Middle-aged women who swallow multivitamin supplements are not doing their health any favours – and are just creating expensive urine, according to the world's largest study into the subject.
Researchers who examined the pill-popping habits of nearly 162,000 American women aged 50 to 79 found that although they swallowed dietary supplements by the bucketload, there was no sign that they reduced common cancers, heart disease or deaths.
People who eat a healthy diet get all the vitamins they need from their food. Any excess of vitamins (the water soluble C, B1, B2 and B6), whether in the food or in dietary supplements, is excreted. Fat soluble vitamins (A, D, E, K) are stored in the liver and an excess can result in side effects.
"Based on our results, if you fall into the category of the women described here and you do in fact have an adequate diet, there really is no reason to take a multivitamin," said Dr Sylvia Wassertheil-Smoller, professor of epidemiology at Albert Einstein College, Yeshiva University.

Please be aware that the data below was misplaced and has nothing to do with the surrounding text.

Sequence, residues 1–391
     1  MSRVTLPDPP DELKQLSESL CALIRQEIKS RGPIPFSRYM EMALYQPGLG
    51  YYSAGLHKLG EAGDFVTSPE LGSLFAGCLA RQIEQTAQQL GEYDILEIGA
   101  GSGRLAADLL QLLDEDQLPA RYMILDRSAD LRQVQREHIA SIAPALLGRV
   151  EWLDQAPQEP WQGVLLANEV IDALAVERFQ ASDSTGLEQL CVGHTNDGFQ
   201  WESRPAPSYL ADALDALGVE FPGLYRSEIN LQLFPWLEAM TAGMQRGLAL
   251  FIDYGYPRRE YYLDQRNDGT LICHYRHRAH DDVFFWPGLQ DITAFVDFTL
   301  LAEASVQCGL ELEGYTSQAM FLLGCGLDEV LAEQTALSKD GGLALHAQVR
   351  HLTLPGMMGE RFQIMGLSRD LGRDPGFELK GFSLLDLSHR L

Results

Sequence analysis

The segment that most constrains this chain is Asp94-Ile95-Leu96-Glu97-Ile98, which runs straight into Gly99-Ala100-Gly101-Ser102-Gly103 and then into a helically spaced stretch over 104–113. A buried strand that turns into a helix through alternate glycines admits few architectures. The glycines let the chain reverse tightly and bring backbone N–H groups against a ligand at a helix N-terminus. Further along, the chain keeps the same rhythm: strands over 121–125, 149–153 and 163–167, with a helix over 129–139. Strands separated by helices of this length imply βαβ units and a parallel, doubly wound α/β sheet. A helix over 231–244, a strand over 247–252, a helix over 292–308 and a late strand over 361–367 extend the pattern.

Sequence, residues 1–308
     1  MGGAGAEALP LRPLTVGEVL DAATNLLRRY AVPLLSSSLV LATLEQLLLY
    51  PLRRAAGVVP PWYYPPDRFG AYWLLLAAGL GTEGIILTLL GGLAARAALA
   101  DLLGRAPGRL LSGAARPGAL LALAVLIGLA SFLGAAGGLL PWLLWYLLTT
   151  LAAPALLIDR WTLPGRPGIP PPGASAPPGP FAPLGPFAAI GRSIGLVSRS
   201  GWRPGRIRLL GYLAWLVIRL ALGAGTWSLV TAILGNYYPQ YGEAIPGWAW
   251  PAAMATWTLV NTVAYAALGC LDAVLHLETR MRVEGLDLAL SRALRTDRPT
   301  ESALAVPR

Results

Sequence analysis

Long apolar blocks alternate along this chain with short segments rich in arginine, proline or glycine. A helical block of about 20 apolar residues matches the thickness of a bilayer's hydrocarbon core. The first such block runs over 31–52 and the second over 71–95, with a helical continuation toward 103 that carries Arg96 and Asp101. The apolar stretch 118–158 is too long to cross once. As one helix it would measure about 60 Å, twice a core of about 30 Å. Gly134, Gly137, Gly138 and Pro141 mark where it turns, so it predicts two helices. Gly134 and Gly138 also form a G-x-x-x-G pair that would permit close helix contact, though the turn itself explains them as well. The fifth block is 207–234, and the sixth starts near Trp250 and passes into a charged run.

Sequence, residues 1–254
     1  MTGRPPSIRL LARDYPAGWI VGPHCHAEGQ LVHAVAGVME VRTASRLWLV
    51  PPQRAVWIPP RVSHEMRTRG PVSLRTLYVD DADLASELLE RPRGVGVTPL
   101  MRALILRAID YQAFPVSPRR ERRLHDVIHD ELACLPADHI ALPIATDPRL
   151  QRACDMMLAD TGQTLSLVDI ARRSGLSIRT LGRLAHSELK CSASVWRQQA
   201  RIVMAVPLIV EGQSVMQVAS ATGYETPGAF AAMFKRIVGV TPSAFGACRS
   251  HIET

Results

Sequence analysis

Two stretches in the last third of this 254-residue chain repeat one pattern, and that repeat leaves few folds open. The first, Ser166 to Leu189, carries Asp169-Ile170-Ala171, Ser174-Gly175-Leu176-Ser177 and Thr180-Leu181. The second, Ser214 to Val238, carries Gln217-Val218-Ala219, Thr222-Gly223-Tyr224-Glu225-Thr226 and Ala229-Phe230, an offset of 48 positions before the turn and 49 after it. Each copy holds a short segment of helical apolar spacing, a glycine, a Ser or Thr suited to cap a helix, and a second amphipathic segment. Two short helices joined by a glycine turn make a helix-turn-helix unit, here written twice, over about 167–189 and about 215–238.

Around half of Americans use vitamin supplements, spending $20bn (£13.4bn) a year on the pills which are believed to improve health and longevity. In Britain, a Food Standards Agency survey last year found 31 per cent of adults claimed to be taking the supplements, which typically cost £7 for a month's supply. The market in the UK is estimated to be worth over £330m a year.
The researchers recorded around 10,000 cases of cancer, 9,000 heart attacks and 10,000 deaths, and compared the incidence among the women who took supplements with those who did not. Marian Neuhouser of the Fred Hutchinson Cancer Research Centre in Seattle, who led the study published in Archives of Internal Medicine, said: "To our surprise we found that multivitamins did not lower the risk of the most common cancers and also had no impact on heart disease."